Paired alongside NEC first teamer Brent Jones, a very good defender in his own right, NEC opponents also didn’t attempt many three-point shots. The Terriers limited opponents to a league best 27.1% 3PA/FGA. Because of limited open looks on the perimeter, opponents were forced to find many of their scoring opportunities inside the arc, where the Terriers’ splendid frontline lingered. With the NEC Defensive Player of the Year Amdy Fall, Jalen Cannon and Chris Hooper lurking, opponents could only convert 42.0% of their 2-point attempts and saw a staggering 15.0% of those shots — thanks mainly to Fall — swatted away.

That, ladies and gentlemen, is how St. Francis Brooklyn collectively finished second in defensive efficiency at 96.3 points allowed per 100 possessions. Jewell certainly played a big role in that.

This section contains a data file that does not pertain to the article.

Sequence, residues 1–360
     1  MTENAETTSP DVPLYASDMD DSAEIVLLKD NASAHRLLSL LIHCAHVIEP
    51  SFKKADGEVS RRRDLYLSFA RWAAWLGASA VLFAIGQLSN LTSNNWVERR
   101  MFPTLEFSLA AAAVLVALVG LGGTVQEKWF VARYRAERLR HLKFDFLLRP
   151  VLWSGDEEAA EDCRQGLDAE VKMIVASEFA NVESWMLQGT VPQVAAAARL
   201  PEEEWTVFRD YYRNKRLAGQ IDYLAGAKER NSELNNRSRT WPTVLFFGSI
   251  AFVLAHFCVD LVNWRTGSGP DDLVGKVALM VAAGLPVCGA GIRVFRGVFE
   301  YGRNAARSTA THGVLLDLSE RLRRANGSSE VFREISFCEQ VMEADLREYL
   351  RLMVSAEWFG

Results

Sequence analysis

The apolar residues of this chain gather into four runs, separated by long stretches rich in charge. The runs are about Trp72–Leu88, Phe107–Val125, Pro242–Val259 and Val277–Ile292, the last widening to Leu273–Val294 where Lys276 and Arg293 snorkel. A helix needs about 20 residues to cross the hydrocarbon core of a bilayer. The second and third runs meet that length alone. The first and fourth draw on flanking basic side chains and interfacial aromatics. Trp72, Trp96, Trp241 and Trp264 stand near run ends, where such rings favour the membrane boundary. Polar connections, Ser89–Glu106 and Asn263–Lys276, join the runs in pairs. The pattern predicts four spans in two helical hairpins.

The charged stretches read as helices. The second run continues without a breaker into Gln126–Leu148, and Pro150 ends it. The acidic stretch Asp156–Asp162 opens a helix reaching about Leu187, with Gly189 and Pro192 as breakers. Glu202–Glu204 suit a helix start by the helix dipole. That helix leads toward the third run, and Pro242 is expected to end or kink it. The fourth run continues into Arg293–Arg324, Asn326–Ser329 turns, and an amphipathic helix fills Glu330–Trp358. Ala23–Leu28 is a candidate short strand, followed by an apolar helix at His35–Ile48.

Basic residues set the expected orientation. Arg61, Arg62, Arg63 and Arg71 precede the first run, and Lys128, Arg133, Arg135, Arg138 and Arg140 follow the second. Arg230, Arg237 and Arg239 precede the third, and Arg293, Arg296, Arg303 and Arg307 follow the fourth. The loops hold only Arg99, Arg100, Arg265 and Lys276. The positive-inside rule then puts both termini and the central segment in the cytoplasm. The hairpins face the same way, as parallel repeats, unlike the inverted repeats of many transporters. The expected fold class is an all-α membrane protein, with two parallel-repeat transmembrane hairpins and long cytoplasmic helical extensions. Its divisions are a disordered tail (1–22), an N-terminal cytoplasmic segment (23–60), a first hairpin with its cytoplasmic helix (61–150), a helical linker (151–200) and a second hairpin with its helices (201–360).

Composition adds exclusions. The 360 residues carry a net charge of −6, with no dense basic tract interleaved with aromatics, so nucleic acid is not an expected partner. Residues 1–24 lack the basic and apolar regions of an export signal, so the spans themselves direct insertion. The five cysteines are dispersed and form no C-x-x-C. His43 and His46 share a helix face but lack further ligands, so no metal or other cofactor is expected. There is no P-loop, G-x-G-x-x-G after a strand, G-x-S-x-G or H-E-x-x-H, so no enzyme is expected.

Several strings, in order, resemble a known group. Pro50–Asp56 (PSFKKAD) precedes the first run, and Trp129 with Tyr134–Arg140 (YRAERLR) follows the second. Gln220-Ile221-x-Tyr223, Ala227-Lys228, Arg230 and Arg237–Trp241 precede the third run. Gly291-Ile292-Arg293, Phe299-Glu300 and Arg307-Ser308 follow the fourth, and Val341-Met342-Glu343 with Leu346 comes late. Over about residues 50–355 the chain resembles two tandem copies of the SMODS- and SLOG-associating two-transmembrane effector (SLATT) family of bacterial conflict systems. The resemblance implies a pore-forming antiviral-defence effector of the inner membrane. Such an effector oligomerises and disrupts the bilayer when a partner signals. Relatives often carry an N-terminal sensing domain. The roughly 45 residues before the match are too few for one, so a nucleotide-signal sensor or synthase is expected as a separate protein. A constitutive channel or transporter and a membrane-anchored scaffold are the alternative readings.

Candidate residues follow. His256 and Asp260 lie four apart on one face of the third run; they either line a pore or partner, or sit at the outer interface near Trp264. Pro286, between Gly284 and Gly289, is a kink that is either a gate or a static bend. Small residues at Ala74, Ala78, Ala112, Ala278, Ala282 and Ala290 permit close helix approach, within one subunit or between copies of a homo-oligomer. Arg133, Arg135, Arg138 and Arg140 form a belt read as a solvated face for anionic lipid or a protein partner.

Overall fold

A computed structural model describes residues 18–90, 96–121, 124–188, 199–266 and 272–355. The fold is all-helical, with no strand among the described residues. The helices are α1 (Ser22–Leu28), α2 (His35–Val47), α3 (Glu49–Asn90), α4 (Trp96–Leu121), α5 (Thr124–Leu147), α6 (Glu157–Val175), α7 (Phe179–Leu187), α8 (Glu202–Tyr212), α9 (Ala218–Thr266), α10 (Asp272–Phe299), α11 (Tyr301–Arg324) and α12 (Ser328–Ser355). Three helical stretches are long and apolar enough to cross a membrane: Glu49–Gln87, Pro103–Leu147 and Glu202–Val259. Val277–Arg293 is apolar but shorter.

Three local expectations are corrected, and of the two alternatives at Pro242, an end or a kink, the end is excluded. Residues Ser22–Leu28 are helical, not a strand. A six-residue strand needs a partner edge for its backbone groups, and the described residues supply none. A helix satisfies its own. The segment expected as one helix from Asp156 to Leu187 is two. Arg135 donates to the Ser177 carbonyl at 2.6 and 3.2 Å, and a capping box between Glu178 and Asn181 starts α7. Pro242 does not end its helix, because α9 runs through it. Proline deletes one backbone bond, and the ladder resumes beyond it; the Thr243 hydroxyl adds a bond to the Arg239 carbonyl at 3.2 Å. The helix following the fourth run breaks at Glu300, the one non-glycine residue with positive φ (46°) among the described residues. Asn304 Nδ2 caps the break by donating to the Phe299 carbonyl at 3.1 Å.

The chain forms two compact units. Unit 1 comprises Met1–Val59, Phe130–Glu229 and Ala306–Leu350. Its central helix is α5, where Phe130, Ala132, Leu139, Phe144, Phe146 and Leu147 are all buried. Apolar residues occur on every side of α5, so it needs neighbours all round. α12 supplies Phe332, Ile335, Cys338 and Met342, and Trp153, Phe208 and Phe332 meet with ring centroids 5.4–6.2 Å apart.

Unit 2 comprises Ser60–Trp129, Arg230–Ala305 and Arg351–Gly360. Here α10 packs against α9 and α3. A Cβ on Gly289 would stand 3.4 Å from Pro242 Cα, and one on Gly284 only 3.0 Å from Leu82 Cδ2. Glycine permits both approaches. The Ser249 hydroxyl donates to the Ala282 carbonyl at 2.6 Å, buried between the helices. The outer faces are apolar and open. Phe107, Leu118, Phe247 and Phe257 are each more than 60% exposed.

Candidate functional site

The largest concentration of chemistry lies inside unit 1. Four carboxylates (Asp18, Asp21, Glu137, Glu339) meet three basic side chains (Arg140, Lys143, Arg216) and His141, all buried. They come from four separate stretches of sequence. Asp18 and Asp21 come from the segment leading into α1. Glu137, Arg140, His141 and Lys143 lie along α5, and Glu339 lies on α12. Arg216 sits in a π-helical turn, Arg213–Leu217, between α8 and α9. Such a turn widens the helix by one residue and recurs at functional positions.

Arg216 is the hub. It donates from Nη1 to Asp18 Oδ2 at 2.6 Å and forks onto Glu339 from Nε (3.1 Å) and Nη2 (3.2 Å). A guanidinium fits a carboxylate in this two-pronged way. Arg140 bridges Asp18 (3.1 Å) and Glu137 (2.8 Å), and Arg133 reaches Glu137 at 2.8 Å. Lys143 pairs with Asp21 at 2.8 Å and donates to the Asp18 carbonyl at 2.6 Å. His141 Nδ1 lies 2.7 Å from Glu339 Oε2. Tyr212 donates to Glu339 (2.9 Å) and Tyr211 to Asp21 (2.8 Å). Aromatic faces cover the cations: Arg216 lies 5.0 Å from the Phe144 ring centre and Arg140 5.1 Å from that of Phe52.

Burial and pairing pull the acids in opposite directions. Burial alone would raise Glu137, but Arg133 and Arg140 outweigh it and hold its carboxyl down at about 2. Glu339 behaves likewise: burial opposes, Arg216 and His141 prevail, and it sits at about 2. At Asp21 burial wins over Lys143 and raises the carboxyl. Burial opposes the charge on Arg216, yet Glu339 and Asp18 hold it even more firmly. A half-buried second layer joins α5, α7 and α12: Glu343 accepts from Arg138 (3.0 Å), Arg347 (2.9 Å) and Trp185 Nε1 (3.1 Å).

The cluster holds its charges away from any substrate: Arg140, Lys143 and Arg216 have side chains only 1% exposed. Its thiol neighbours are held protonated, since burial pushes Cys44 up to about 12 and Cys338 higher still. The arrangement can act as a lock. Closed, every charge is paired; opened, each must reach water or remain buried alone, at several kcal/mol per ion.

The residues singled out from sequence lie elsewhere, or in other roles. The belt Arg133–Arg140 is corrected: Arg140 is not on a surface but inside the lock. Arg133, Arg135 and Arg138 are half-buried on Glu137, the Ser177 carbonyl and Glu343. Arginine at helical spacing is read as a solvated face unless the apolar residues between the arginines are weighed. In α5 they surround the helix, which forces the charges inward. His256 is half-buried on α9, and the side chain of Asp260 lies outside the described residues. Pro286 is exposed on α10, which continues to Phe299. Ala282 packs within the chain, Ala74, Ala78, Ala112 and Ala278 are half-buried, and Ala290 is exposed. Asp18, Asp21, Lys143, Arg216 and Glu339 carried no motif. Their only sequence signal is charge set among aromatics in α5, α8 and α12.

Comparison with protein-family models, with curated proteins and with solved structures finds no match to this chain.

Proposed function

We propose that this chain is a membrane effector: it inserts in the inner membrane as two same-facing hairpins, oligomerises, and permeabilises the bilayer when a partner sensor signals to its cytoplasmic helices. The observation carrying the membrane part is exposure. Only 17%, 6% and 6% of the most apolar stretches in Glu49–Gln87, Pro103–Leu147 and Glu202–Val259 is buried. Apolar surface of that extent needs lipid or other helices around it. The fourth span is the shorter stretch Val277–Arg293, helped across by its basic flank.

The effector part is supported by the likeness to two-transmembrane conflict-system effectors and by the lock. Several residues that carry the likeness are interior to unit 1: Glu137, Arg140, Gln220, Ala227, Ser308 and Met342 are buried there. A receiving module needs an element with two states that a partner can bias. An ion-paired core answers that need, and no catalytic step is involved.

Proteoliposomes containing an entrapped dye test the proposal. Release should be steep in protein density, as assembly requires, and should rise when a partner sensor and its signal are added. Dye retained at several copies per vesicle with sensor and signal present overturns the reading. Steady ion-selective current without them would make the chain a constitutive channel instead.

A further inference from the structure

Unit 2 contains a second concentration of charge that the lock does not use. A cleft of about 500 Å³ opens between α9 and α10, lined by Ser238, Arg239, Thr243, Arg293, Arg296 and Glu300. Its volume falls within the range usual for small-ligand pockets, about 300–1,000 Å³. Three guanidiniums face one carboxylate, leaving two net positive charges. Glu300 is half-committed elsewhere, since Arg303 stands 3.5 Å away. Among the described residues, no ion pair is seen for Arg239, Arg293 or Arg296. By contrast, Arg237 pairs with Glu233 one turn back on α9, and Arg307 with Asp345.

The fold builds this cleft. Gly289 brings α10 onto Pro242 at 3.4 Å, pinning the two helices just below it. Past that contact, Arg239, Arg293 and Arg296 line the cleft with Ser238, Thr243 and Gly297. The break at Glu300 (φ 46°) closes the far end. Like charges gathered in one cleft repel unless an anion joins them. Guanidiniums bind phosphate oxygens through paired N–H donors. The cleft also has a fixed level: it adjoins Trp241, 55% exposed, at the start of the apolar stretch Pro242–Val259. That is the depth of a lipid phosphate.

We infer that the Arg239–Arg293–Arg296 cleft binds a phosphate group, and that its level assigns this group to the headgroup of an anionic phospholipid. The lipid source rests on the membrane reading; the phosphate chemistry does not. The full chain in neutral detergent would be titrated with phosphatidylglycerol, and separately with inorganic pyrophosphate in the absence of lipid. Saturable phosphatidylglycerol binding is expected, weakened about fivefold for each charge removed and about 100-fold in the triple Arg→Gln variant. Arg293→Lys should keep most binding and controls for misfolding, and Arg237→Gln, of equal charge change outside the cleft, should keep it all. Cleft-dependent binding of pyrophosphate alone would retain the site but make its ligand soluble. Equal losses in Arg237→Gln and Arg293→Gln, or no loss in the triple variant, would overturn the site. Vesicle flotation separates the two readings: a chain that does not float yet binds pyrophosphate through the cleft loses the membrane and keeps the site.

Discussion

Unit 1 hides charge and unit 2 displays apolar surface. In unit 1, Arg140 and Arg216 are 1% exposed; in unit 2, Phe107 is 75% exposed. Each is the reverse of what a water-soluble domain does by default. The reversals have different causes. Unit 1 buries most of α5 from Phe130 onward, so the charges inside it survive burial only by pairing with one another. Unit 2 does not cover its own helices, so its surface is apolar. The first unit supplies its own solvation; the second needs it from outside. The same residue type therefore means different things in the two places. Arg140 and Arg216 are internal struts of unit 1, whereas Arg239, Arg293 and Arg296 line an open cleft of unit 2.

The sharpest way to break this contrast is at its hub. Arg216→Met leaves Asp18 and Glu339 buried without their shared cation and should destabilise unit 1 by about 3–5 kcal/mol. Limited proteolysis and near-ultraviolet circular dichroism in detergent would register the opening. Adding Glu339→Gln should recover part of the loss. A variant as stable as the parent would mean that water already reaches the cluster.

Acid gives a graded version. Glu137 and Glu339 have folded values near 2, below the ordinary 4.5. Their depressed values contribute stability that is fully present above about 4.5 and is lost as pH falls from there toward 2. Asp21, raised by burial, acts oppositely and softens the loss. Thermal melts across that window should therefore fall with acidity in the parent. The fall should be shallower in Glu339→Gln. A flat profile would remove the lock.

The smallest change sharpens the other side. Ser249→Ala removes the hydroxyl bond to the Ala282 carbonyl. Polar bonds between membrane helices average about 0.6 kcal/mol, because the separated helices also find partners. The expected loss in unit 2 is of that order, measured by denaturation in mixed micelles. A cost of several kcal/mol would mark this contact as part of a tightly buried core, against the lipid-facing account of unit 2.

On the other side of the ball, Jewell will need to improve his scoring efficiency if he wants to be mentioned along with the Rodney Pryor, Byron Ashe and Daniel Garvins of the NEC. He can break most opponents down off the dribble, so I’d expect Jewell to attack the rim far more as a senior. Last season only 34.1% of his shots came near the rim, a curiously low number for a player who possesses terrific athleticism. He’ll need to utilize his athleticism and quickness more in order to prevent defenders from crowding him on the perimeter. Less two and three-point jumpers should lead to a more efficient scoring line that mirrored his time as a Division II JUCO All-American. In his year prior to joining St. Francis, Jewell made a very respectable 39.0% of his three-point attempts.